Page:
Poetry Kaleidoscope: Guide to Poetry
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A limerick is a short, often humorous and ribald poem developed to a very specific structure.
The rhyme scheme is usually aabba, with a rather rigid meter. The first, second, and fifth lines are three metrical feet; the third and fourth two metrical feet. The foot used is usually the amphibrach, a stressed syllable between two unstressed ones. However it can be considered an anapestic foot, two short syllables and then a long, the reverse of dactyl rhythm. However, many substitutions are common.
The first line traditionally introduces a person and a location, and usually ends with the name of the location, though sometimes with that of the person. A true limerick is supposed to have a kind of twist to it. This may lie in the final line, or it may lie in the way the rhymes are often intentionally tortured, or in both. Though not a strict requirement, the best limericks are usually those that additionally show some form of internal rhyme, often alliteration, sometimes assonance or another form of rhyme.
Origin of the name
The origin of the actual word limerick is obscure. The first known occurrence is from May 1896; the OED first reports it in 1898. The name is often linked to an earlier form of nonsense verse which was traditionally followed by the refrain that ended "...come all the way up to Limerick?", Limerick being an Irish city. That the older refrain does not match the meter of the limerick has been used to attack this theory. A point in favour, however, is the fact that in other languages, limericks are indeed sung, with wordless (la-la) refrains between them that match a version of this text.
Sections in poems following the limerick form can be found throughout known history, from the work of Greek classic poets to the first known English popular song, Sumer is icumen in (c. 1300) and the works of Shakespeare. Othello, King Lear, The Tempest and Hamlet all contain limericks within longer segments. This example is from Othello, Act II Scene III:
IAGO Some wine, ho!
- And let me the canakin clink, clink;
- And let me the canakin clink
- A soldier's a man;
- A life's but a span;
- Why, then, let a soldier drink.
The first deliberate creation to match limerick form is usually considered Tom o' Bedlam (c. 1600):
- From the hag and hungry goblin
- That into rags would rend thee
- And the spirit that stands
- by the naked man,
- In the book of the moons defend yee.
Other examples can be discovered from the 19th century. The first book of limericks, though they were not yet named thus, is The History of Sixteen Wonderful Old Women (1820), followed by the Anecdotes and Adventures of Fifteen Gentlemen (1822). But the form was popularised by Edward Lear, who has been grandiloquently dubbed "The Poet Laureate of the Limerick", in his A Book of Nonsense (1845) and a later work (1872) on the same theme. In all Lear wrote 212 limericks, mostly aimed towards nonsense. In his time limericks accompanied an illustration on the same subject, and the final line of the limerick was a kind of conclusion, which usually was a variant of the first, ending in the same word. This is different from the punchline or twist of the modern limerick, that usually has a proper rhyme. Since Lear's limericks are the best-known examples of the classical limerick, and since these poems were not yet called "Limericks", some have retroactively named them Learics, as they are not true limericks in the modern sense of the word. An example:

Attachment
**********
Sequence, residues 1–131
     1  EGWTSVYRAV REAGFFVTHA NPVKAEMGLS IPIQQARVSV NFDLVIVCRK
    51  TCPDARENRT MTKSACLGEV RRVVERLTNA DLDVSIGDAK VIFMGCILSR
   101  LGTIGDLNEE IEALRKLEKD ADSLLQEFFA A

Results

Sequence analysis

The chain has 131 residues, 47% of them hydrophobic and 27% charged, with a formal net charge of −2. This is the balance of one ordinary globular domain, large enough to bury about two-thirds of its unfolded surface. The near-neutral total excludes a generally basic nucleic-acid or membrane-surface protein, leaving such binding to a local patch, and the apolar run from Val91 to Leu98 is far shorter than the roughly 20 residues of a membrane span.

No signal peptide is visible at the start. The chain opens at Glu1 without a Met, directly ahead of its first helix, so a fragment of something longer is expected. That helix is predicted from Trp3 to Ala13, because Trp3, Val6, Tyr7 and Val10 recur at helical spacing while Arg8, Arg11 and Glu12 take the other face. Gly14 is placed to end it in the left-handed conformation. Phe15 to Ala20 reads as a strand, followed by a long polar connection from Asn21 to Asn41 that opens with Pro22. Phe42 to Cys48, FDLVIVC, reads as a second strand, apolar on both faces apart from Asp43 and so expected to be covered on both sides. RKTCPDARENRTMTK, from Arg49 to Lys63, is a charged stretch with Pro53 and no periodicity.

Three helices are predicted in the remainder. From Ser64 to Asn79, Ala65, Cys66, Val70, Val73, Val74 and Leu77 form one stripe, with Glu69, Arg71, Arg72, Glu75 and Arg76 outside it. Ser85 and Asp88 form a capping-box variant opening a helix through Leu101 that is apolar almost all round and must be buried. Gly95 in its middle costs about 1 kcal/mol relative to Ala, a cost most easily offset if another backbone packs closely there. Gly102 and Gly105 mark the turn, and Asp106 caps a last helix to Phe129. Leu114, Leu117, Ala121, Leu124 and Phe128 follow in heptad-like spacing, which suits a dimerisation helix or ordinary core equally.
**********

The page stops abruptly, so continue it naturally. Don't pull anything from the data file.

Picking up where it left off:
- There was a Young Person of Smyrna
- Whose grandmother threatened to burn her;
- But she seized on the cat, and said, 'Granny, burn that!
- You incongruous old woman of Smyrna!'
(Lear's limericks were often typeset in three lines or four lines.)
Ogden Nash is renowned for humorous short poetry, and often used the limerick form:
- There once was a miser named Clarence
- Who simonized
both of his parents;
- "The initial expense,"
- he remarked, "is immense,
- But it saves on the wearance and tearance."
For reasons of decency, many collections consist entirely of innocent examples. Amongst the exceptions are several collections by the science-fiction writer Isaac Asimov, who wrote Lecherous Limericks (1975), More Lecherous Limericks (1976) and Still More Lecherous Limericks (1977); he wrote two later volumes in collaboration with poet John Ciardi: Limericks Too Gross (1978) and A Grossery of Limericks (1981).
In 1970, New York's Brandywine Press published The Limerick, a canonical work of bawdy limericks compiled by folklore scholar Gershon Legman, which had previously been printed only in Europe. This was followed by The New Limerick in 1977 (later re-released under the title More Limericks.) The former volume contained more than 1700 verses, the latter about 2700.
Definitely a recurring theme is the indecent subjects of many limericks. It is often considered that the less innocent limericks are amongst the best, and the most common:
- The limerick packs laughs anatomical
- Into space that is quite economical.
- But the good ones I've seen
- So seldom are clean
- And the clean ones so seldom are comical.
- -- Vyvyan Holland
Two volumes of Lecherous Limericks were written by Isaac Asimov, the well known science fiction author.
The mythopoeic "man from Nantucket", typically portrayed as a sexually perverse and hypersexual persona, is also a recurring theme in limericks. For example:
- There once was a man from Nantucket
- Who kept all his cash in a bucket.
- But his daughter, named Nan,
- Ran away with a man
- And as for the bucket, Nantucket.
This literary trope can be attributed to the many whalers who once lived on Nantucket and the popularity of the limerick genre in whaling culture. It has also been suggested that the popularity of Nantucket in limericks stems from the possibility to rhyme it with a number of obscenities.